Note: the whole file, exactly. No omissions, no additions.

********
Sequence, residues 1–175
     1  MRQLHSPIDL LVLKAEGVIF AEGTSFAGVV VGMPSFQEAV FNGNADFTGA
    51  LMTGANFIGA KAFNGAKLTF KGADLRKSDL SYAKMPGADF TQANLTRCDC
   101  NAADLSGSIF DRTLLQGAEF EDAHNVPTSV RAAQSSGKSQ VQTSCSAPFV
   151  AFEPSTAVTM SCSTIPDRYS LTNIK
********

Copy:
Sequence, residues 1–175
     1  MRQLHSPIDL LVLKAEGVIF AEGTSFAGVV VGMPSFQEAV FNGNADFTGA
    51  LMTGANFIGA KAFNGAKLTF KGADLRKSDL SYAKMPGADF TQANLTRCDC
   101  NAADLSGSIF DRTLLQGAEF EDAHNVPTSV RAAQSSGKSQ VQTSCSAPFV
   151  AFEPSTAVTM SCSTIPDRYS LTNIK